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Maybe it depends on what you are shooting (rifle vs. Pistol)? I never knew what a tumbler was as a kid reloading 30-06 rounds with my dad. I tried just washing and drying the brass when I first got into pistol reloading, but found when I was shooting 1,000 plus rounds of 9mm a month that it just wasn't effiecient. Also my press (Dillon SDB) works much better and the rounds are more consistent with clean polished brass. I usually go through marathon tumbling sessions where I will try and tumble 5-6,000 rounds and store them in sealed plastic buckets. Works well for me, and now there is always clean brass when I get time to adjourn to the hobby room.

Terry
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Old March 31, 2001, 09:14 AM   #7
tonyz
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I Would Have to Agree With ArmySon

#1= The time saved is worth the $40-60.
#2= Dirty brass can play Hell with die's.
#3= I take pride in my work, and I like MY finished product clean and shiny, Before I go out and get it all dirty again.
#4 What are the effects of dirty brass on the chamber of your weapon?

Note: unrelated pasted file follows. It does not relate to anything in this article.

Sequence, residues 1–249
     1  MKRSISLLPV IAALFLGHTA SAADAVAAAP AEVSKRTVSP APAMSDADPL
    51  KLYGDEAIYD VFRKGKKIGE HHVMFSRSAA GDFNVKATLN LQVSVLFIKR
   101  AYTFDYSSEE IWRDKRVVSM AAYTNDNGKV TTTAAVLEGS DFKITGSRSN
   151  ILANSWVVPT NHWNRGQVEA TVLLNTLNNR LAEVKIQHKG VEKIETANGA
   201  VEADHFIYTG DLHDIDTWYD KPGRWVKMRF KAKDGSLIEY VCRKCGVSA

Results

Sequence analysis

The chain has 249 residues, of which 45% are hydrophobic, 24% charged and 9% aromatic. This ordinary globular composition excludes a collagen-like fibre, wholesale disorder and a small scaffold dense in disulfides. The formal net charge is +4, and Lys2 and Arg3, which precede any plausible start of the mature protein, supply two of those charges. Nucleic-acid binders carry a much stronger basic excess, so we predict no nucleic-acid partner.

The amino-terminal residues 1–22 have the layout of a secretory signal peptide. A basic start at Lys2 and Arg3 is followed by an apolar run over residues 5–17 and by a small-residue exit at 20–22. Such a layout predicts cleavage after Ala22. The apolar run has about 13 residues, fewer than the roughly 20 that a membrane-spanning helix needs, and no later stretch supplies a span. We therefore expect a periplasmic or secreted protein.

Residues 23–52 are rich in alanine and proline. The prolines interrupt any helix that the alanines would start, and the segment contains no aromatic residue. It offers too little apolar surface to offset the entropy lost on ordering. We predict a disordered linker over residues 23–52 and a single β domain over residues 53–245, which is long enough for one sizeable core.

Best Tony
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Old March 31, 2001, 11:17 AM   #8
Mike Irwin
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I think a distinction needs to be made between DIRTY brass and TARNISHED/SOOTY brass.

Tarnished brass can be every bit as clean as highly polished tumbled brass.

And highly polished tumbled brass can be, if not done correctly, contaminated with polishing compound, which can cause even more problems with dies than range dirt.

I've toyed with the idea of getting a tumbler, but (and I know I'm going to take some heat here) I really look at it more as something that the manufacturers have told us we just can't live without.

Of all the reloading paraphanelia (sp?) that's out there, I really consider a tumbler to be at the bottom of the list for NECESSITY items. In fact, I really view it as a luxury item.